Tucked into the back end of the spending bill is the Setting Every Community Up for Retirement Enhancement Act of 2019 (the SECURE Act). It took effect this year and is the most sweeping retirement legislation in more than three decades. Here are some highlights.
First, the SECURE Act eliminates the age limit for Traditional Individual Retirement Account (IRA) contributions. Before the law, Traditional IRA owners couldn’t contribute after age 70-and-a-half. Now, there is no age limit, but you must earn income.
Another change is that required minimum distributions (RMDs) – forced withdrawals from taxable retirement accounts – now must be taken at age 72, instead of age 70-and-a-half, which was confusing. That said, if you turned age 70-and-a-half before 2020, you’re under the old law. Those under the new law gain 18 more months of deferred growth before RMDs.
Offering some help to families, the SECURE Act allows for up $5,000 in penalty-free withdrawals for birth and adoption costs. The money is taxable if taken before age 59-and-a-half, but there is no 10 percent penalty. Keep in mind, the $5,000 limit is for your lifetime.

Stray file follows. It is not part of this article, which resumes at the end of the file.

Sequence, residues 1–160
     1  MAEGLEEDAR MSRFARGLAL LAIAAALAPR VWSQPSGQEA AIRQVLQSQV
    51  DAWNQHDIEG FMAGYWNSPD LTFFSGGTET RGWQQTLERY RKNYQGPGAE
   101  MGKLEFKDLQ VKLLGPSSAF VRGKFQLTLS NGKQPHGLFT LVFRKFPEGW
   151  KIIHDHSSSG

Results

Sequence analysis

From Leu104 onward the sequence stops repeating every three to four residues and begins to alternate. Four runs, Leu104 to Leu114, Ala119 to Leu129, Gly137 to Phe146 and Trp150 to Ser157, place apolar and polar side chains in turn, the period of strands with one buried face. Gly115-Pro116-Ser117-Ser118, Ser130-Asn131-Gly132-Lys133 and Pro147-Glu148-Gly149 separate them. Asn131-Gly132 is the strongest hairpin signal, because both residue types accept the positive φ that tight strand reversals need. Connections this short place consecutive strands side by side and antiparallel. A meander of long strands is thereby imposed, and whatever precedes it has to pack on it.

Under the new law, employers now have liability protection from including annuities in workplace retirement plans. Previously, employers were hesitant to offer annuities because if a payment was missed, the employer could be held liable. This should mean more income options for workers in the future.
Lastly, the SECURE Act eliminated the "stretch" IRA. Under the old law, non-spouses who inherited IRAs could defer RMDs over their life expectancies, instead of the prior account owner’s life expectancy. Now, inherited IRAs must be liquidated within 10 years, except for some exempt groups of people.
The dust is still settling, but one thing is certain – it’s a new, hopefully SECURE, retirement world.